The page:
Mayor Mitch Panciuk is pleased to proclaim today National Indigenous Peoples’ Day in the City of Belleville in honour of the national celebration.
On National Indigenous Peoples’ Day, we celebrate the rich and diverse cultures, voices, experiences and histories of First Nations, Inuit and Métis peoples. There are a number of activities and initiatives taking place throughout the City in honour of today, and June being National Indigenous History Month.
Glanmore National Historic Site is now hosting a #hopeandhealingcanada display by Métis artist Tracey-Mae Chambers. The installation features intricate premade crochet and knit pieces of red yard which were installed on-site on June 14.
Hope and healing, the guiding themes of Tracey-Mae’s artistic works, refer directly to the artists’ goal of broaching the subjects of decolonization and reconciliation, as a response to the overwhelming discoveries made of the remains of Indigenous children buried at former Residential Schools.
In a time of collective grief from these discoveries, and in a time of global pandemic where society has felt so fractured, Tracey-Mae’s public art pieces are meant to serve as a symbolic reconnection of people, communities and the environment. More information on the #hopeandhealingcanada project is available on her website. Timed-entry admission tickets to view the display at Glanmore are available online.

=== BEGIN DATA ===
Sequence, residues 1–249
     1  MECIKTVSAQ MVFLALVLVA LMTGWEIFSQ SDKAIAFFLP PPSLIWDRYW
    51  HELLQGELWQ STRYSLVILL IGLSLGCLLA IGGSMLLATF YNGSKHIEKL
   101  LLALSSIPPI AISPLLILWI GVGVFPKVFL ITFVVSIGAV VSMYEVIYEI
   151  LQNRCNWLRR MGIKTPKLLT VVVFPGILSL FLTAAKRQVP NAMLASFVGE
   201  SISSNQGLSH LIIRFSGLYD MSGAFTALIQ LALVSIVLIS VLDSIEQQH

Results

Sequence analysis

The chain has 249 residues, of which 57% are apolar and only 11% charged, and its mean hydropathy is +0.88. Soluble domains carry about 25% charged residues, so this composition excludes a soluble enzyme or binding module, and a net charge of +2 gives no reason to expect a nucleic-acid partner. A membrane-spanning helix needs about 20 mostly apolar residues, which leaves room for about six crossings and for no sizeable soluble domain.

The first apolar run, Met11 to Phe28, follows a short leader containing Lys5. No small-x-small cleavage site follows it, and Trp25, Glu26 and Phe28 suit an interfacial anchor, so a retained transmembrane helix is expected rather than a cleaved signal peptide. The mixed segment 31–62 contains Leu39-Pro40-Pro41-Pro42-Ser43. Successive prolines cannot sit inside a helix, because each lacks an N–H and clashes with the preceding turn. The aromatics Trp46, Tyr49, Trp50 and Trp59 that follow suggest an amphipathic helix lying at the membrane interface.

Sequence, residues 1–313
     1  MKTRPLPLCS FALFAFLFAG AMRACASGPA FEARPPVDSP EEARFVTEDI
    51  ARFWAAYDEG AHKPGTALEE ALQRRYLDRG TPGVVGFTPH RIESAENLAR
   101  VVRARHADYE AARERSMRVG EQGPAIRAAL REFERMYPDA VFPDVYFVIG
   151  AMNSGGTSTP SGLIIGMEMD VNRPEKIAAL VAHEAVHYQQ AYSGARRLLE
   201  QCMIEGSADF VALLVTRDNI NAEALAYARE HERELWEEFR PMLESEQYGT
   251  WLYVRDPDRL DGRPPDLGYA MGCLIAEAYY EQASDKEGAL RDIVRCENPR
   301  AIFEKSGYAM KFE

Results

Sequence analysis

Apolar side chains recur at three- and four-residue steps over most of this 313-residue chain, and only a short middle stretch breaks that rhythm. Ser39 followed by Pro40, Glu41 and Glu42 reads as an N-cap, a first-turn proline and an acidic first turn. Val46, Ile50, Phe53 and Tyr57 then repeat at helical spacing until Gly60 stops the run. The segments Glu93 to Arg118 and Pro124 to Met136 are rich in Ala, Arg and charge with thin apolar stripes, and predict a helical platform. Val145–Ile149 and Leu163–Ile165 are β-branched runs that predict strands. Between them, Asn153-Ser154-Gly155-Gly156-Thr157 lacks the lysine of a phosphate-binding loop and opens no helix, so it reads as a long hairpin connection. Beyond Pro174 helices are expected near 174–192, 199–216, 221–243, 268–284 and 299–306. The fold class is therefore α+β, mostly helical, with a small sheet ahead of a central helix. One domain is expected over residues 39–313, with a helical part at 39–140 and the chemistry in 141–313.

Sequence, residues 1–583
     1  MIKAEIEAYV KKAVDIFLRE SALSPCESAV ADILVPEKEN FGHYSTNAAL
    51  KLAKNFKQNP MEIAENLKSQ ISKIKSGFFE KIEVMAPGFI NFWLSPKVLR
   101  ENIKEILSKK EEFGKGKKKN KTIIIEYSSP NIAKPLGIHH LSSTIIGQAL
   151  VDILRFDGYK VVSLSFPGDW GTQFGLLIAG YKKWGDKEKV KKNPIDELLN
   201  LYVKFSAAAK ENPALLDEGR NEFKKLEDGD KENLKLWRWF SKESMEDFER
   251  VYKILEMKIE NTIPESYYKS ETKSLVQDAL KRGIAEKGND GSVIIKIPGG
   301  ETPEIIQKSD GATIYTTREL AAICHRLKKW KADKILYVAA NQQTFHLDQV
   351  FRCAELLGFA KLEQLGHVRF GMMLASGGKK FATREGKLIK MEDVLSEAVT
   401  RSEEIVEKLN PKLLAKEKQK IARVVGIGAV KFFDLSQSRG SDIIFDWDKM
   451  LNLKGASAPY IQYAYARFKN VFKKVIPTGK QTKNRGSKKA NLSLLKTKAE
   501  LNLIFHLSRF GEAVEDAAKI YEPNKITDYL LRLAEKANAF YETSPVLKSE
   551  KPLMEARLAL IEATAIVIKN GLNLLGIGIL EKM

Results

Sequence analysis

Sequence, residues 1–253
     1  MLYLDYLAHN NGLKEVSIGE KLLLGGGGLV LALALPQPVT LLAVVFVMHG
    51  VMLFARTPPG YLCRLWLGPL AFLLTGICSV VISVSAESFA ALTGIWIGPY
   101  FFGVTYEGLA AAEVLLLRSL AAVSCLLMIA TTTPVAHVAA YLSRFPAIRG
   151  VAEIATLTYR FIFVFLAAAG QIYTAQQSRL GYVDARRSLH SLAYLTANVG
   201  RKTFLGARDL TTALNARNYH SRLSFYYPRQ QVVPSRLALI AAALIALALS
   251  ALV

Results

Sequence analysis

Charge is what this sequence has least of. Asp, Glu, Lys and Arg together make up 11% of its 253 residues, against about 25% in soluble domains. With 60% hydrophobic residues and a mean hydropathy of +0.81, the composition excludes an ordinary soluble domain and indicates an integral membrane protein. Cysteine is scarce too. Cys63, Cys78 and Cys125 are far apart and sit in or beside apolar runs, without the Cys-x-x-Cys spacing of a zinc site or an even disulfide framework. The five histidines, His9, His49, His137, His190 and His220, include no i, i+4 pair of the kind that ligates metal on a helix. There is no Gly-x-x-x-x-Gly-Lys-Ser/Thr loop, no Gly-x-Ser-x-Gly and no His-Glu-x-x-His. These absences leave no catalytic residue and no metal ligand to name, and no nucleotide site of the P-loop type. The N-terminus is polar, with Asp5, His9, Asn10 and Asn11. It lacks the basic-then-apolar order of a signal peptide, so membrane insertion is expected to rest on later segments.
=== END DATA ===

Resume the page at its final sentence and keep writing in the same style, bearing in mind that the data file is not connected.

The Belleville Public Library, in partnership with First Nation Technical Institute, held a “Wampum Belts with Jamie Maracle” event on June 11 in which attendees had the opportunity to learn about the origins of the belts, how they are made and the teachings that they offer.
Also throughout the month, they are featuring various book displays in each part of the library, and highlighting work by Indigenous authors and creators on their social media channels. A list of works is available online.
The library will also be hosting a Fireside Book Club at 6:30 p.m. tonight in honour of National Indigenous Peoples’ Day in which attendees will discuss The Truth About Stories by Thomas King. For more information, visit the Belleville Public Library’s website.
“Today is a day for all of us to reflect on and celebrate the voices and contributions of Indigenous peoples,” said Equity, Diversity and Inclusion Committee Chair Councillor Sean Kelly. “While these contributions should be recognized every day, we encourage all residents to take some time today especially to listen, learn and engage in the unique heritage, diverse cultures and outstanding contributions of First Nations, Inuit and Métis peoples. The Equity, Diversity and Inclusion Committee is proud to work with our partners at the Mohawks of the Bay of Quinte on an ongoing basis regarding a number of initiatives and events including the National Day for Truth and Reconciliation event which we return in September. We look forward to building on our relationship and learning all that we can from them.”
For a list of National Indigenous Peoples’ Day resources, including an online activity guide, visit: https://www.canada.ca/en/canadian-heritage/campaigns/celebrate-canada/indigenous-peoples-day.html